Young women in transition: from offending to desistance

Monica Barry

Research output: Chapter in Book/Report/Conference proceedingChapter

6 Citations (Scopus)

Abstract

The fact that offending behaviour is primarily the preserve of youth has challenged criminologists for the best part of a century to date and will no doubt continue to do so. Burt's (1925) medical-psychological study initiated a wave of positivist research that made young people 'the hapless population upon which much of the emphasis of 'scientific criminology' and 'administrative criminology' was to come to rest' (quoted in Brown: 2005: 29). Children and young people have been set apart from adults by dint of their age and status rather than their capacities and competences (Archard, 1993; Franklin, 2002). There are special measures in place to protect them from harm (whether this be self-inflicted or imposed by others), they are herded into institutionalised educational establishments from the age of five purportedly to improve their life chances, and they can be denied access to opportunities afforded 'adults' in mainstream society until they are well into their twenties. They are the main focus of criminal enquiry and their behaviour is often seen as abnormal, rebellious or pathological rather than a manifestation of the power imbalances inherent in society. This chapter argues, however, that young people strive towards conventionality and integration (MacDonald, 1997; Williamson, 1995), albeit often held back by the attitudes and practices of adults which can be both discriminating and disempowering (Barry, 2005).
LanguageEnglish
Title of host publicationYoung Adult Offenders
Subtitle of host publicationLost in Transition?
EditorsFriedrich Lösel, Anthony Bottoms, David P. Farrington
Pages113-127
Number of pages15
Publication statusPublished - Sep 2012

Fingerprint

criminology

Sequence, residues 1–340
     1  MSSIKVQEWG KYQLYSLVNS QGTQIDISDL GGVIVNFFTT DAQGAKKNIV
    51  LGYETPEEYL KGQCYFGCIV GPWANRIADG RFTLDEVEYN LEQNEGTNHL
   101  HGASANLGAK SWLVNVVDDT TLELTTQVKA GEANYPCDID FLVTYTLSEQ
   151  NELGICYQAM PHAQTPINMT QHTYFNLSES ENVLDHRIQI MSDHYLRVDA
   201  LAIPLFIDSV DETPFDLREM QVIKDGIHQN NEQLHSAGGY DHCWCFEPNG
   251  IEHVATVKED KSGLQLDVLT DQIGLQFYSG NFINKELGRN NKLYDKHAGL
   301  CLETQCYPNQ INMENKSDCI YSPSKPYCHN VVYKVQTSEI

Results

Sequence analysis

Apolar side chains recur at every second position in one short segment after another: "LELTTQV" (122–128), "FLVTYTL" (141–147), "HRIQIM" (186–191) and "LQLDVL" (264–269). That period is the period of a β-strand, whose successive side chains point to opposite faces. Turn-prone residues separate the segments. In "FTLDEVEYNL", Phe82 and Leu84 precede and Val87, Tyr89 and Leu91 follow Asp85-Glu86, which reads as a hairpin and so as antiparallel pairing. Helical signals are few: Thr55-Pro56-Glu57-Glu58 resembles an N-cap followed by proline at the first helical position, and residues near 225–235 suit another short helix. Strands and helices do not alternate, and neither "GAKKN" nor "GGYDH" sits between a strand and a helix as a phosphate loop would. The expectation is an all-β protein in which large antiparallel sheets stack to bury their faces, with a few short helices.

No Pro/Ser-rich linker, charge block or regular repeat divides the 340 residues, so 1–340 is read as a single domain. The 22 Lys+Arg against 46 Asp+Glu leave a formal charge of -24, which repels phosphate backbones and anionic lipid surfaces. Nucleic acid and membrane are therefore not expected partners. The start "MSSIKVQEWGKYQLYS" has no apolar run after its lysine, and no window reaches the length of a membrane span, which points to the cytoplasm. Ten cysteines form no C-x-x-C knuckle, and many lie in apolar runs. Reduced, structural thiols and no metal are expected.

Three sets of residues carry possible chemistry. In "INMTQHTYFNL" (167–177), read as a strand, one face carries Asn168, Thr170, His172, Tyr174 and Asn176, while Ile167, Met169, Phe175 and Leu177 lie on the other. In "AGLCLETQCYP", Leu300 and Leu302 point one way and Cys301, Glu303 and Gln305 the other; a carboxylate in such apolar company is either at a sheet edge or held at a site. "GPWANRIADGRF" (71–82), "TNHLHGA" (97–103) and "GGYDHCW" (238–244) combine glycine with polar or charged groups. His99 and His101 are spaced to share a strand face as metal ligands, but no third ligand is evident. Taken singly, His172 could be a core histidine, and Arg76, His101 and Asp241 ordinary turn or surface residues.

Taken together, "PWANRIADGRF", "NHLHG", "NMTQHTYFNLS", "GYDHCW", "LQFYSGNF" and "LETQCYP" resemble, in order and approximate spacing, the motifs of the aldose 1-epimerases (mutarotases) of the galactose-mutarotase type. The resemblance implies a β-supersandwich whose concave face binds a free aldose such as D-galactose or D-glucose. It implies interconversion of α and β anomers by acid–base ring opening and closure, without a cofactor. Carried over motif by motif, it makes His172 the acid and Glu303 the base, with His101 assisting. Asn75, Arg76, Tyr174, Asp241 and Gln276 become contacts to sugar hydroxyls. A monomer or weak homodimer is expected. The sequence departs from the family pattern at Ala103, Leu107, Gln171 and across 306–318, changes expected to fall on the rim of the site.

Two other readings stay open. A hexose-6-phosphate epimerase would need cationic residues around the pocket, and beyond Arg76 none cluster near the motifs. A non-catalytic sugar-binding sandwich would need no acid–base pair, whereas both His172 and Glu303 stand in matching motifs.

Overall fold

Society

Keywords

  • young women
  • offending
  • prison
  • sentencing
  • criminology
  • desistance

Cite this

Barry, M. (2012). Young women in transition: from offending to desistance. In F. Lösel, A. Bottoms, & D. P. Farrington (Eds.), Young Adult Offenders: Lost in Transition? (pp. 113-127)
Barry, Monica. / Young women in transition : from offending to desistance. Young Adult Offenders: Lost in Transition?. editor / Friedrich Lösel ; Anthony Bottoms ; David P. Farrington. 2012. pp. 113-127
@inbook{1c78deaa0fd945c98eed91cb68acff8e,
title = "Young women in transition: from offending to desistance",
abstract = "The fact that offending behaviour is primarily the preserve of youth has challenged criminologists for the best part of a century to date and will no doubt continue to do so. Burt's (1925) medical-psychological study initiated a wave of positivist research that made young people 'the hapless population upon which much of the emphasis of 'scientific criminology' and 'administrative criminology' was to come to rest' (quoted in Brown: 2005: 29). Children and young people have been set apart from adults by dint of their age and status rather than their capacities and competences (Archard, 1993; Franklin, 2002). There are special measures in place to protect them from harm (whether this be self-inflicted or imposed by others), they are herded into institutionalised educational establishments from the age of five purportedly to improve their life chances, and they can be denied access to opportunities afforded 'adults' in mainstream society until they are well into their twenties. They are the main focus of criminal enquiry and their behaviour is often seen as abnormal, rebellious or pathological rather than a manifestation of the power imbalances inherent in society. This chapter argues, however, that young people strive towards conventionality and integration (MacDonald, 1997; Williamson, 1995), albeit often held back by the attitudes and practices of adults which can be both discriminating and disempowering (Barry, 2005).",
keywords = "young women, offending, prison, sentencing, criminology, desistance",
author = "Monica Barry",
year = "2012",
month = "9",